If you are serious in orchestration, there are some hints from conductor's experiences:
- orchestrate in your mind, at first; try to imagine the sound of every instrument in your mind before you hit a key
- use only *realistic-sounding* libraries (like GPO) to verify the score; don't play much with sample rendering - a good score will sound well even untweaked
- check with the players the playability and sound possibilities
- if necessary, re-do the score in accordance with (after) the orchestra performance
Enjoy the wonderful world of orchestration!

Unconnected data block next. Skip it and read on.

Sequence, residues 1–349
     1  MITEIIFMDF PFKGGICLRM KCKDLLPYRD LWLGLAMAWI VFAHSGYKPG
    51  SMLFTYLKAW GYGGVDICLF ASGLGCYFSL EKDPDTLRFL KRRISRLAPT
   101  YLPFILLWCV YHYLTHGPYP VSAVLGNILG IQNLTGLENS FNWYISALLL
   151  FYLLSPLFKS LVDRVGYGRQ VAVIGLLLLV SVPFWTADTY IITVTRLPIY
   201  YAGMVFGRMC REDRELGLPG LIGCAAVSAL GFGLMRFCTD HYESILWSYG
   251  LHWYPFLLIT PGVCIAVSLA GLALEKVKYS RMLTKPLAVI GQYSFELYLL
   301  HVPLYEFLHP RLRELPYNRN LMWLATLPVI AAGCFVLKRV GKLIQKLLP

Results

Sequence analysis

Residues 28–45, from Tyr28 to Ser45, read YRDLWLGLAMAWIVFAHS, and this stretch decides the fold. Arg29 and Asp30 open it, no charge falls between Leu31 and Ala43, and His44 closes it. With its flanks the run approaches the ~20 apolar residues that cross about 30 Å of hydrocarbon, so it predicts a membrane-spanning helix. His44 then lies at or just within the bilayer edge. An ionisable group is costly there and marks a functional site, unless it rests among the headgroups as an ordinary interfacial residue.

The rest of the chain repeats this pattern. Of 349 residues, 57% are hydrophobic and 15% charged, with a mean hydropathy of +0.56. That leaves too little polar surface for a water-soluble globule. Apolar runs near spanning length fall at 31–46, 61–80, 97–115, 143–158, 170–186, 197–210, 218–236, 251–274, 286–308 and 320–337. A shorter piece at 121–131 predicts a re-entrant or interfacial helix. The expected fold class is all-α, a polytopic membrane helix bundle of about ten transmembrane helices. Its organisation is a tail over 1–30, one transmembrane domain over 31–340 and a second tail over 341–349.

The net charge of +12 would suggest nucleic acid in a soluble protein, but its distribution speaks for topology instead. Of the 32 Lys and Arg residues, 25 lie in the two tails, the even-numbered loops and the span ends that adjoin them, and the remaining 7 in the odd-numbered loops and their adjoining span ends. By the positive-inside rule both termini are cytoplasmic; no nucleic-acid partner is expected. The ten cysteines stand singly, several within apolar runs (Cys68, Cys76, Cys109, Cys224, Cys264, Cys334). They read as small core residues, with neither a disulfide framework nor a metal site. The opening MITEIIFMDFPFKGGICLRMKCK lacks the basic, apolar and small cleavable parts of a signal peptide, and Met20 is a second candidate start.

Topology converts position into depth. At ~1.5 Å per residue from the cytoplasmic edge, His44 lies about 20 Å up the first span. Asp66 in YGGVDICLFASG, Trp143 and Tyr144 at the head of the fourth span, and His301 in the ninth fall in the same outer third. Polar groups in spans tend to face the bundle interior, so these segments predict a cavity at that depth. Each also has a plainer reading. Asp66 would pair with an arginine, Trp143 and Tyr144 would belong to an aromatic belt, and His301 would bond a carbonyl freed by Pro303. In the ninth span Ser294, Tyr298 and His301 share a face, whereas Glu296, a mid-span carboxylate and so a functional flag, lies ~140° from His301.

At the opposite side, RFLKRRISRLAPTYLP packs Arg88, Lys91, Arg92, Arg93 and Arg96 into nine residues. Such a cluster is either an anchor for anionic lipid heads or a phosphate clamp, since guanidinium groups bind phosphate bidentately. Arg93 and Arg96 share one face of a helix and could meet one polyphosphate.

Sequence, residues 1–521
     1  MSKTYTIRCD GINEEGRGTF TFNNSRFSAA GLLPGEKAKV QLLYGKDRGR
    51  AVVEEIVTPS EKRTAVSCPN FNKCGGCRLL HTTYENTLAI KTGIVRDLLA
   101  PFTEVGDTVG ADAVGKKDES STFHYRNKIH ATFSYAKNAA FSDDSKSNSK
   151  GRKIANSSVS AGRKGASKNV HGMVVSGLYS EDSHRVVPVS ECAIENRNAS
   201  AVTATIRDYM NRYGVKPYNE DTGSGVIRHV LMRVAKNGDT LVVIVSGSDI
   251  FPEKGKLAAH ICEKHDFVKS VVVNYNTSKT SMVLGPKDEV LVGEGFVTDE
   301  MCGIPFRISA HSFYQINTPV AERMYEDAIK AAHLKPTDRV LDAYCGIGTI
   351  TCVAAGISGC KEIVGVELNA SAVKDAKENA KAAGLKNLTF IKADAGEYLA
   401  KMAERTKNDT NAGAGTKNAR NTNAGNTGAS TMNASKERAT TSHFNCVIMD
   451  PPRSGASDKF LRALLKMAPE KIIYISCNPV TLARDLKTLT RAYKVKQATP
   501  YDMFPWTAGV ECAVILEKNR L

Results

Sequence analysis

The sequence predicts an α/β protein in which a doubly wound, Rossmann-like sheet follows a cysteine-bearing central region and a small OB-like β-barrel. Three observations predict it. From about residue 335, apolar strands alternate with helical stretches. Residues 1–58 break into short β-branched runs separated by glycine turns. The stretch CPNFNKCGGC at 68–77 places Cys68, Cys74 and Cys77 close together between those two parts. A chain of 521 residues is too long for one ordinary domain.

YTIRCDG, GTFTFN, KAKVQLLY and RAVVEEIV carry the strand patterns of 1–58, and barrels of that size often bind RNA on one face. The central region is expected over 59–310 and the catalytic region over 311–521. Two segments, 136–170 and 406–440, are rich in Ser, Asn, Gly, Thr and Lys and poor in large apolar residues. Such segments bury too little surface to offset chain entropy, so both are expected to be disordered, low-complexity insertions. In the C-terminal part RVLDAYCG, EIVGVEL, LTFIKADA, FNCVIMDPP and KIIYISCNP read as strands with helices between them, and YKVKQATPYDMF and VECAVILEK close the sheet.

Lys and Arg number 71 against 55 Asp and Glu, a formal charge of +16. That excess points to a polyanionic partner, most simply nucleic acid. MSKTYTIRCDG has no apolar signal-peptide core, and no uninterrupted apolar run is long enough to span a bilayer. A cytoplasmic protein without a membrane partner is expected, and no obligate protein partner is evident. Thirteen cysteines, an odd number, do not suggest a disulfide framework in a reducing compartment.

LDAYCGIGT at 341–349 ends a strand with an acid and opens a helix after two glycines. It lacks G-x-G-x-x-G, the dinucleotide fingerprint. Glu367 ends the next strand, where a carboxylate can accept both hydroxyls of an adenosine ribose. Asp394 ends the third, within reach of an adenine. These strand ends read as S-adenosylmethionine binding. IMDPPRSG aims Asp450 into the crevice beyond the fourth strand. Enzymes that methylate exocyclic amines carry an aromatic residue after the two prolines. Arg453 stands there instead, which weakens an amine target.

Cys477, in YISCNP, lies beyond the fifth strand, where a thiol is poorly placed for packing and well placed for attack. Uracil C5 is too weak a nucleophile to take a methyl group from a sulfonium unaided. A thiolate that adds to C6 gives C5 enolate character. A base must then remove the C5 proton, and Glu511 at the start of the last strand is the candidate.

This online course would not have been possible without the help of many very talented and dedicate people. First and foremost thanks to Robert Davis for the Herculean task of realizing and sequencing all the scores with GPO. A big thank you to Alan Belkin for being the lead professor in this course and guilding and giving instruction throughout the course. Thanks to Sean Hannifin for doing all of the Flash work so that the music follows the score. Thanks to Alan Belkin, Terry Dwyer, Andy Brick, Jeannot Welter, Jim Williams, Petr Pololanik and Jonathon Cox for serving as the professors/moderators for the course. Thanks to those who made the various scores in Finale and Sibelius; namely: especially Bob De Celle and Lukasz Stasinski; and also Jamie Kowalski, Tim Cohen, Edward J. Fiebke Jr., Dave Budde, Jim Williams, Steve Martin, David Mauney, David O'Rourke, Jonathan Orwig and Tom Prince. Thanks to David Sosnowski for technical guidance and his support. Thanks to Dan Kury for the video editing and realization and Michael Sandberg for illustrations. And thanks to Mark Simon and Dave Burnett for hosting this course on Northern Sounds